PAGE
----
Tools | The Brainzooming Group - Part 184 – page 184
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We’re declaring “Creative Quickie Week” through Friday! Check back each day this week for a variety of Creative Quickies! And enjoy lunch!

Mike Brown

Founder of The Brainzooming Group, and an expert on strategy, creativity, and innovation. Mike is a frequent speaker on innovation, strategic thinking, and social media.

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From Business Week magazine, here’s a video overview of Design Thinking by Roger Martin, dean of the Rotman School of Management.

Mike Brown

Founder of The Brainzooming Group, and an expert on strategy, creativity, and innovation. Mike is a frequent speaker on innovation, strategic thinking, and social media.

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Want to stay well-grounded in your strategic thinking?

Here’s an uncomfortable suggestion – have someone who can be your strategic pain in the ass. I have one, a self-described “devil’s advocate,” who never fails to shoot holes in our strategic thinking. As painful as the discussions can be (I HATE to have not thought of every angle), I never fail to walk away with an honest, passionate challenge that improves our thinking.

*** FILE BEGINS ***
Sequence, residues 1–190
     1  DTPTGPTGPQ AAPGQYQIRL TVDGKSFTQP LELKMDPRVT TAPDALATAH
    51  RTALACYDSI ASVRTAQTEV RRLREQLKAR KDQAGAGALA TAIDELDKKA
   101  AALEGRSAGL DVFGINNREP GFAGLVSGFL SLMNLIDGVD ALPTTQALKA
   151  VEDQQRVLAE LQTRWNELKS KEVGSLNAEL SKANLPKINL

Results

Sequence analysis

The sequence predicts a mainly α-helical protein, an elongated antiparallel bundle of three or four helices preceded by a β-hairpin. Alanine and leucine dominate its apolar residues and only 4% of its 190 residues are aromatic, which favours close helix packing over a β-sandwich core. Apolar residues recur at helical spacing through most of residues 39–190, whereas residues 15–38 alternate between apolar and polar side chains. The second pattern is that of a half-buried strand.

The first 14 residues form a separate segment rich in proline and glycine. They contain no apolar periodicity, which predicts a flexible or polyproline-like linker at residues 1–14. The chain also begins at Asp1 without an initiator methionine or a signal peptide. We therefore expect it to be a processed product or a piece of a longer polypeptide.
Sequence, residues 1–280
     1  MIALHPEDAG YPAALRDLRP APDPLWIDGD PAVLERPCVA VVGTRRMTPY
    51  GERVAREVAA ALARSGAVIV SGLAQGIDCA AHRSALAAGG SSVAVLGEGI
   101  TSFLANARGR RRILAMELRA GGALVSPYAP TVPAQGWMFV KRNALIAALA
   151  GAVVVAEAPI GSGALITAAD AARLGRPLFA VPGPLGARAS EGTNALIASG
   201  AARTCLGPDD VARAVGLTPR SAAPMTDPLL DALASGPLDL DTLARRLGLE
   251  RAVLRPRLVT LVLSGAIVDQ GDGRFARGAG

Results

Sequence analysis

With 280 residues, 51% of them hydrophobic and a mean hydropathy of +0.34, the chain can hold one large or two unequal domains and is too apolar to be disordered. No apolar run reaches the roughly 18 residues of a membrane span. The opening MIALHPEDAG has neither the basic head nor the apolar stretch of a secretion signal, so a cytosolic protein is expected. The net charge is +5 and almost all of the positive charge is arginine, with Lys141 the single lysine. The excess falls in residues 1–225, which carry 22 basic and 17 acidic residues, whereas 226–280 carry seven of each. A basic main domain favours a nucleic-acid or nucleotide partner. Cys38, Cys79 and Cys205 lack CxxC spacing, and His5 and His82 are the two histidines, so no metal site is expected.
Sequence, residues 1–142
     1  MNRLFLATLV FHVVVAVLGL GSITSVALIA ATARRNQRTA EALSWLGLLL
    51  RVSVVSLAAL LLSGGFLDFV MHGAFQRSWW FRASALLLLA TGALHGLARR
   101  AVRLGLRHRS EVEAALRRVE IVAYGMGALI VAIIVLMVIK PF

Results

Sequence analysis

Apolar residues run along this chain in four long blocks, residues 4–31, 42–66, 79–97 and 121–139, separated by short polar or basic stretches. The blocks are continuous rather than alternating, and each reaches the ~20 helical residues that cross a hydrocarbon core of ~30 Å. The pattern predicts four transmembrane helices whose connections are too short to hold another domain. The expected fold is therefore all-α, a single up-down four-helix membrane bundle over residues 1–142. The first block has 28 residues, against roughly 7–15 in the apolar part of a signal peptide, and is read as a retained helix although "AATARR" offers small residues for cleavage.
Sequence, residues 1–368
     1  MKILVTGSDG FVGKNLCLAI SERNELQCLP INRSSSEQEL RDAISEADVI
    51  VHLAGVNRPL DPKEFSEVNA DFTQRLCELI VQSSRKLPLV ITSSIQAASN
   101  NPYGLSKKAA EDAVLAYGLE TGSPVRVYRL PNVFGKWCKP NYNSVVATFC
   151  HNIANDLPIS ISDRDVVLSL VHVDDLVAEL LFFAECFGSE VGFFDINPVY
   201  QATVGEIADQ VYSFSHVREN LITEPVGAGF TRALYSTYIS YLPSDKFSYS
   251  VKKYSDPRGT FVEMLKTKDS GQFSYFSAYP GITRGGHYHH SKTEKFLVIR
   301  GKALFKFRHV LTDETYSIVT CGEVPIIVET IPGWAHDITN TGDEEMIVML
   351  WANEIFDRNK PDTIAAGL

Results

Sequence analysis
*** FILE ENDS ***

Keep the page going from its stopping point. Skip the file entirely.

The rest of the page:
So go ahead, seek out your strategic pain in the ass. Just have some Strategic Preparation H nearby!

Mike Brown

Founder of The Brainzooming Group, and an expert on strategy, creativity, and innovation. Mike is a frequent speaker on innovation, strategic thinking, and social media.

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Reviewing new logo treatments, we were presented with a page of logos looking as if they were behind frosted glass. The page’s title was the “Squint Test.” The point is a strong logo should be so distinct that it’s clear and recognizable even if it’s not seen clearly, i.e. you’re squinting at it.

The concept is related to previous posts on CBR (the rules of “Can’t Be Right”) and extends beyond graphics as a good test for any new concept under consideration.

Think about factors that might obscure your concept’s clarity, impact, and success upon implementation. Will the factors be:

  • Visual?
  • Auditory?
  • Related to lack of knowledge?
  • Due to misinformation?
  • From too small or narrow an audience?
  • Mismatched technology?
  • Insufficient resources?
  • Or something else?

Figure out the relevant factors and apply (or approximate) them to see how well your concept works when it’s in real-life, far from ideal situations (such as when a tree falls through the neighbor’s roof as in the picture here).

Reminder – Follow me on Twitter!

Mike Brown

Founder of The Brainzooming Group, and an expert on strategy, creativity, and innovation. Mike is a frequent speaker on innovation, strategic thinking, and social media.

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Have a creative challenge you’re struggling with? Have a Friday afternoon creative bunch tackle it.